Working Mom v. Stay at Home Mom v. Work at Home Mom - I get it now.

Working Mom v. Stay at Home Mom v. Work at Home Mom - 

I get it now.


Wow. Even seeing this blank screen was intimidating.

I took a break. From just writing, in general. Too much going on, too many balls in the air, and I was also, if I'm being honest, feeling a little over-exposed. I know, I know. Miss Facebook was feeling over-exposed? Yes. The blog is where I was showing EVERYTHING. Facebook sees a part of me. But writing shows all of me. And I was offending people and the "all of me" was scrutinized so I had to step away for a sec.

Now I'm back again! Ready to offend everyone! Kidding. I'm actually back to write again, maybe about some different things, my new business, but mostly about work at home mom life. I've now had time to let my thoughts organize. I need to sit with things and let them marinate before I really know how I feel about it.

So where was I? I decided to take on a big girl job. I mean it wasn't a BIG big girl job where I worked 9-5 (shudder), but I worked outside of the house, part time, during the day. Sounds easy, right?

No. Just no.

I have a new found respect for working moms and maybe this last six month working outside the home experience opened my eyes a little. See, I used to judge working moms. You're shocked, I know. In my early years as a mom, and I can say this because I've been a mom for almost 17 years now, I judged harshly. Not just working moms, all moms. Which was ironic because I was a teen mom, constantly judged. You give it and you take it, I guess.

I never wanted to be a "working mom." I wanted to be a stay at home mom ALWAYS. Yes, I'm college educated, I have a degree, I loved my college years (LOVED them), but I was never really married to the idea of something I truly and deeply wanted to be other than a mom.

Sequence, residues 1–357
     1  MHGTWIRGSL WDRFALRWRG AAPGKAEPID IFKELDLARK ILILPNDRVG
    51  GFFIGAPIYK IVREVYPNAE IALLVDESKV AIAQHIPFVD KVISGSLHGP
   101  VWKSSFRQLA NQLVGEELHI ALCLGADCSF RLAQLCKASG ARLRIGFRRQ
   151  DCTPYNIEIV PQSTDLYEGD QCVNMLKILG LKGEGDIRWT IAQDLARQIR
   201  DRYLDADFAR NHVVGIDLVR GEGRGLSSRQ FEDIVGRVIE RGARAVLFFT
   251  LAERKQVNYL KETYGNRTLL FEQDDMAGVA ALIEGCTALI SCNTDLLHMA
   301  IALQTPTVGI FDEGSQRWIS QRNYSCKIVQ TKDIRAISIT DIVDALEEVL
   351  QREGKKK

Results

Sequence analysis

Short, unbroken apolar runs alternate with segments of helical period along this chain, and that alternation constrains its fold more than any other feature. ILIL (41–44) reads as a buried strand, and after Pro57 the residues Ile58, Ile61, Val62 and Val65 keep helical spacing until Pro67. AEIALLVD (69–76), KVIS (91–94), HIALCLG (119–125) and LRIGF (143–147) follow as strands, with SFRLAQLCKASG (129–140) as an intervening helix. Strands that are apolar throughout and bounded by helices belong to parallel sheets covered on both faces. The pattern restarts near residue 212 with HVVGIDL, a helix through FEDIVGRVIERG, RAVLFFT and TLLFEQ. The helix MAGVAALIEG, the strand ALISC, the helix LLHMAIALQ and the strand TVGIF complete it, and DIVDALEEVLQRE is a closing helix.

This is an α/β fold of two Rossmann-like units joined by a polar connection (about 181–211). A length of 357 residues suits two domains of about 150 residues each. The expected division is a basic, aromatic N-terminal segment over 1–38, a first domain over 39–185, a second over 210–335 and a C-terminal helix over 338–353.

I worked full time after college but when I had my two younger children life worked itself out so that I could work at home or not work at all. I shouldn't say "life worked itself out" because some of the circumstances were so tragic that working outside the house wasn't an option. But that's another story.

So I thought it was time. I got a real day job outside the home. Kids in school or at the sitter's. All would be fine. Except it wasn't. My brain couldn't function. There are only so many tabs I can keep open on my browser and I started to HATE working. I hated looking for sitters. I hated getting up and getting ready for work. I hated making dinner. I hated going grocery shopping. All of the sudden what was once so easy - meal planning and grocery shopping - became this massive, arduous chore. And toward the end of my little six month experience, which was this last December, with all the forgotten Christmas shopping and kids on break from school I had forgotten to prepare Christmas gifts for my son's teachers and therapists.

{Gasp!} I know.

I know that doesn't seem huge. I know that sounds trivial. But to me, it was a breaking point. I wasn't being the mom I wanted to be. I was a mom who prepared cake pop baskets and instagrammed and facebooked that ish everywhere. I didn't forget to thank the teachers. But it became this task that I dreaded. I dreaded Christmas shopping, I dreaded making dinner, I hadn't baked anything in months (and if you know me, you know baking makes me happy), I stopped enjoying a drink because it would just make me tired and anxious (and if you know me, you know I like my wine), I couldn't find joy in anything and I couldn't take a breath to enjoy or be present in anything. I was miserable.